On the Red Line

"What a extraordinary story," said The Mole out loud, as he sat in Dunkin' Donuts, looking out over Boston Common. He was reading The Boston Globe and had just discovered some rather unsavoury details about the sex life of the hyena which had nearly put him off his second Cinnamon Frosted Apple Cider Cake Donut.

"Imagine putting such things in newspapers that are read at the breakfast table!" he added, speaking to no-one in particular. A passing bum looked at him strangely through the window of the donut shop and then hustled on, busying himself with his plastic bags.

"Still," added The Mole. "I suppose you learn something every day."

Boston, he thought, is a great centre of learning; a place where knowledge comes in all shapes and sizes. Across the Charles River is Cambridge, home of Harvard University and the Massachusetts Institute of Technology; and to the south, in the suburb of Quincy, is Dunkin' Donuts University, where they learn skills of a very different nature.

The Mole finished off his donut, wondering why it is that, in a place of such erudition, they cannot correctly spell the word doughnut.

Despite this flaw, The Mole has always like Boston, ever since he was a student at Harvard in the 1960s, hanging out with the likes of Al Gore and Tommy Lee Jones. He remembered the city with a certain affection.

A month or two ago a letter arrived at Mole Manor from the John F Kennedy School of Government, inviting The Mole to give a lecture on "Why governments dance to the Formula 1 tune". It came from the Dean of the JFK School, an old pal who had been Assistant Secretary of Defense for International Security Affairs before being seduced back into the open arms of the academic world.

The Dean was of the opinion that The Mole's insight would fit in neatly in a series of lectures about the uses and abuses of power, which included an in-depth analysis of The Prince, Niccolo Machiavelli's famous dissertation on power and an analysis of the use of Machiavellian principles in Henry Ford's fights with the automobile unions. The Dean wanted The Mole to explain how it is that a sport has grown to such an extent that it can now bully governments. This, he felt, would help his students to achieve their Masters degrees in Public Administration. The Mole agreed to the visit on the understanding that he would be billed only as "a senior British official". He had concluded that it would provide a good opportunity for him to do his Christmas shopping.

He instructed Miss Pringle-Featherby (of the Berkshire Pringle-Featherbys) to book him a room at the Ritz Carlton on Arlington Street. This is the most discreet of all hotels, where, it is said, the original owner once refused to allow the police to search his hotel in pursuit of a murderer because he argued that he knew the pedigree of all of his guests and would vouch for every one of them.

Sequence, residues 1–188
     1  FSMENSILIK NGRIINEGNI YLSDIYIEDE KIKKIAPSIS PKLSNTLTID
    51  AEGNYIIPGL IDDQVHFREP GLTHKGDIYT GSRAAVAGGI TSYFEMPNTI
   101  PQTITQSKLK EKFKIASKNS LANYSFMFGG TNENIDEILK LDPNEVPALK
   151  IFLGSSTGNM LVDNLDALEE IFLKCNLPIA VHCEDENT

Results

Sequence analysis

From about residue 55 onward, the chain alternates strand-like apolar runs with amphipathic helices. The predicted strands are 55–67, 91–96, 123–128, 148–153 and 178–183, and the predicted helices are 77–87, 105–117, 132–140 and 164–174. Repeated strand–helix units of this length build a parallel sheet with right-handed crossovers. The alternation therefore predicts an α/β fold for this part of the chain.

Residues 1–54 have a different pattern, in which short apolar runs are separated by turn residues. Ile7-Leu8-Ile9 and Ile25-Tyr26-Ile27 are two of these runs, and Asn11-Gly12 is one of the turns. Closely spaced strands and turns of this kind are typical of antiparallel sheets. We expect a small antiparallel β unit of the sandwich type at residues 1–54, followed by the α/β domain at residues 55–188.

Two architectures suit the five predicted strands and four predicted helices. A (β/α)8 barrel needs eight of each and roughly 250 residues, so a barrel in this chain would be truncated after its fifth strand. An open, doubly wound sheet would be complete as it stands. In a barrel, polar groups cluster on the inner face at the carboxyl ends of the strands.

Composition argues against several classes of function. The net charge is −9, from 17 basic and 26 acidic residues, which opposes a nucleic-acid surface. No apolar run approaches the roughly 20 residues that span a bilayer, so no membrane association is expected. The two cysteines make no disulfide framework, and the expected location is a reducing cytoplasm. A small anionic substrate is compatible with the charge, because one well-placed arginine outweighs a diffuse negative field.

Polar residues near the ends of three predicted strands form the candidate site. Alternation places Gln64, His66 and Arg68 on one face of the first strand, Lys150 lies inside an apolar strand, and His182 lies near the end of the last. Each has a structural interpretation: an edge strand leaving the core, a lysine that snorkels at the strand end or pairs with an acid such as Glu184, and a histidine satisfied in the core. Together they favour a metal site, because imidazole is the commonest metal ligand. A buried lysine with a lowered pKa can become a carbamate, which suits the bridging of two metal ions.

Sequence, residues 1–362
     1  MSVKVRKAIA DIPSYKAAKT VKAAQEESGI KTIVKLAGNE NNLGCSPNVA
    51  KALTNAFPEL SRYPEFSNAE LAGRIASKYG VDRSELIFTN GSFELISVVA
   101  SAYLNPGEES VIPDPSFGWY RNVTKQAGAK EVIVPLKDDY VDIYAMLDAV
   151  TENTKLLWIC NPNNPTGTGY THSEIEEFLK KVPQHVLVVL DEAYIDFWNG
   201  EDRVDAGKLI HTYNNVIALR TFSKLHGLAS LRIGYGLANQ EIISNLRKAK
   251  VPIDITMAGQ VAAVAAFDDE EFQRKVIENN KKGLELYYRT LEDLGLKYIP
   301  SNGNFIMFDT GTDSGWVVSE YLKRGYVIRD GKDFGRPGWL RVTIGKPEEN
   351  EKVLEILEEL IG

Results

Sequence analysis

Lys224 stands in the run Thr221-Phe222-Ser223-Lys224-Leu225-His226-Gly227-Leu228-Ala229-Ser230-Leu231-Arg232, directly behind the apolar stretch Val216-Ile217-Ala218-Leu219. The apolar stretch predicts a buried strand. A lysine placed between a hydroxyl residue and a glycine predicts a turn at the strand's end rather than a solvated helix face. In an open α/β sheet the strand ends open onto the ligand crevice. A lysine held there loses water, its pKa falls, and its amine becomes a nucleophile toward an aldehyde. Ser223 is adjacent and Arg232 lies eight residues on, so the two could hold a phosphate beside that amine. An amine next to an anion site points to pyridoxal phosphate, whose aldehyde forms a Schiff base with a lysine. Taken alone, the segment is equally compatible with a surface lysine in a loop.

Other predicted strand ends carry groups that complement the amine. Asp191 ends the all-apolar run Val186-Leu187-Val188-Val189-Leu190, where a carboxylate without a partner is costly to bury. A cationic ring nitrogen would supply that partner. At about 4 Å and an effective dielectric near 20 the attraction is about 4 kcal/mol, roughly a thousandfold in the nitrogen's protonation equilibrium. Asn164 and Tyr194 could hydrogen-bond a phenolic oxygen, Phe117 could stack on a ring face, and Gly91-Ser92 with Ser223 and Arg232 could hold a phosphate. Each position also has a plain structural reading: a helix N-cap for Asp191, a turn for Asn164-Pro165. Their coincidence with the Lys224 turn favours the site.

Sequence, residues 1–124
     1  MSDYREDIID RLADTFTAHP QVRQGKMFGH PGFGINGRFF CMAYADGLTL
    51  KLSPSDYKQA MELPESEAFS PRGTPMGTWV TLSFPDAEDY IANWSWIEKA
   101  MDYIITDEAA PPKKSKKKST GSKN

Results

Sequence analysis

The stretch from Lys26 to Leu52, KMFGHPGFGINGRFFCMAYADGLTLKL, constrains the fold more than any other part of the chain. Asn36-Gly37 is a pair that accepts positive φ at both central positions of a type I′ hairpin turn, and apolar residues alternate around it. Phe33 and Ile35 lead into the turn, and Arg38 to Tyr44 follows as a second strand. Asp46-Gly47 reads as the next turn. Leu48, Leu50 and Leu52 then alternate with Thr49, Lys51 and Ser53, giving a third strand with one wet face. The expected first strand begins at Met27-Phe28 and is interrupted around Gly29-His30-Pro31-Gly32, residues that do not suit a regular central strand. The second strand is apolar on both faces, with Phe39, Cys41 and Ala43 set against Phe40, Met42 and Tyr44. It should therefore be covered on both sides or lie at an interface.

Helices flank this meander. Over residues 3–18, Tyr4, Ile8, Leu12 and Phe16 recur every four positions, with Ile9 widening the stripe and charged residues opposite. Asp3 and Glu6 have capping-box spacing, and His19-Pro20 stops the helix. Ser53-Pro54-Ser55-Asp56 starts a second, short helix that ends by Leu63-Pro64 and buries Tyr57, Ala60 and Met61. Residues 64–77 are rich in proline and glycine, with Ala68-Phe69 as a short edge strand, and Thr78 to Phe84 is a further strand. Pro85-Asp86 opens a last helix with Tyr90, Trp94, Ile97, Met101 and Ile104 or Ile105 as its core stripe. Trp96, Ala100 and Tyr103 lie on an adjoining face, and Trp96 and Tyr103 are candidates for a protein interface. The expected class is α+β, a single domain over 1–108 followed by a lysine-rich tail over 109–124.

The day before his lecture The Mole arrived to be greeted by Norman the famous doorman. He nestled down for a hour in the warmth of the wood-burning fireplace in his room and then decided to forego the pleasures of the Ritz Carlton and go out and wrestle with a lobster.

The Mole won.

And now, twelve hours later, here he was in a Dunkin' Donut store. He considered heading out across the Public Garden to the Common to see people skating on Frog Pond and then wander a little in the quaint streets of Beacon Hill but Newbury Street was easier and so he set off to do his shopping.

At about 11 The Mole returned to the Ritz Carlton, unloaded his presents and walked the T (Boston's underground railway) and took the Red Line to Harvard. He lunched with the Dean and was amused to discover that Massachusetts is almost as quirky as California. There was even a health warning on his caesar salad.

"No," said The Dean. "They are definitely weirder over there. They've just elected Arnie Schwarzenegger as governor."

The Mole nodded.

"Proof perhaps that political power grows out of the barrel of a gun," he said.

Then it was on to the John F Kennedy Jr Forum for the lecture. With such colourful characters as Bernie Ecclestone, Max Mosley, Frank Williams, Ron Dennis and Jean Todt, The Mole had no trouble in weaving a fascinating tale about power in Formula 1, although the graduates of Harvard were perplexed to discover that there was a sport involving so much money about which they knew next to nothing at all.

As an illustration, The Mole used the current battle over the 18th race as an illustration of how Formula 1 has developed enough power to push governments around.

"A few days ago," he concluded, "Canadian politicians got up and were able to say, with some relief, that they had saved their motor race. In fact all they had done was find a way to pay out more money for the same event, as a punishment for having the nerve to enact anti-tobacco legislation. Formula 1 has maintained its anti-tobacco stance and at the same time created a precedent for future races where tobacco is banned. One can have a race without tobacco if one is willing to pay more. I am sure the matter is not over yet. Canada appears to have won back its race without having to raise the extra $20m needed to keep the teams happy. But is the paperwork completed? There is another promoter for the French GP ready to leap into the game. Will they have to find the extra $20m? We do not know the answer to this question but what we do know is that the issue involved will be used to ensure that Formula 1 squeezes every available cent out of the governments in question.

"Surely, a perfect illustration of how theories of power have transcended the political arena and how sport can be more powerful than governments."

There was a decent level of applause.

"What an extraordinary story," said The Dean.

Not as extraordinary as the sex life of the hyena, thought The Mole as he waited to field questions.

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